At a time when Washington is mired in turmoil, our state representatives have to step up, pass laws and make decisions that safeguard New York and its residents.
Voters will decide if Governor Andrew Cuomo merits a third term, or if challenger Cynthia Nixon should oust the longtime incumbent. Cuomo is running on his record of achievement and overwhelming institutional support, but Nixon is riding a wave of liberal insurgency and has shown a good grasp of critical issues.
For lieutenant governor, incumbent Kathy Hochul promises to continue advocating for women’s and LGBT rights. Challenger Jumaane Williams, a city councilman from Brooklyn, wants to be a check on Cuomo, and pledges to fight for affordable housing.
Four strong candidates are running for attorney general, a position that was left open due to Eric Schneiderman’s ill-advised assaults on multiple partners. Public Advocate Letitia James quickly garnered establishment support, and has experience as a former public defender and assistant attorney general.
But Fordham Law professor Zephyr Teachout, who picked up key endorsements from local papers, has the momentum going into primary day. She wrote the book on state corruption, and has the legal know-how to execute on day one.
Upstate congressman Sean Patrick Maloney and corporate attorney Leecia Eve round out the rest of the ballot. Both are also worthy of consideration.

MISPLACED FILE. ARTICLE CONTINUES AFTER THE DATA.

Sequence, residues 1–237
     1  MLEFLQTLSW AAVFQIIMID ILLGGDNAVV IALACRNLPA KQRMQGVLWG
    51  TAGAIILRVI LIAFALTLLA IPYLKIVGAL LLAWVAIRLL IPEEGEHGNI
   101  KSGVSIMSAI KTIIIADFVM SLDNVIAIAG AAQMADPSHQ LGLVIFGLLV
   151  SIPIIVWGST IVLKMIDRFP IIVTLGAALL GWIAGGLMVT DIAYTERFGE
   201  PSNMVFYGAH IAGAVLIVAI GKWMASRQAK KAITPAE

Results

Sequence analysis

In the State Senate, a slate of candidates are challenging former IDC senators, including Jessica Ramos against Jose Peralta and John Liu against Tony Avella in Queens and Zellnor Myrie against Jesse Hamilton in Brooklyn.
And if you're a registered Republican, you might not be left out. GOP canidates Vickie Paladino and Simon Minching are squaring off in northeast Queens, and Slawek Platta and Tom Sullivan have their sights set on another State Senate seat in the southern part of the borough.
Another Brooklyn race to watch out for is incumbent Martin Malave Dilan against challenger Julia Salazar. Dilan’s ties to real estate donors have been questioned, but Salazar faces mounting stories about her ever-changing background, conservative past and even accusations of an affair with Mets legend Keith Hernandez, which was not true.
On Thursday, September 13, whether you’re a Democrat or a Republican, make sure you cast your ballot in the primary election and make your voice heard.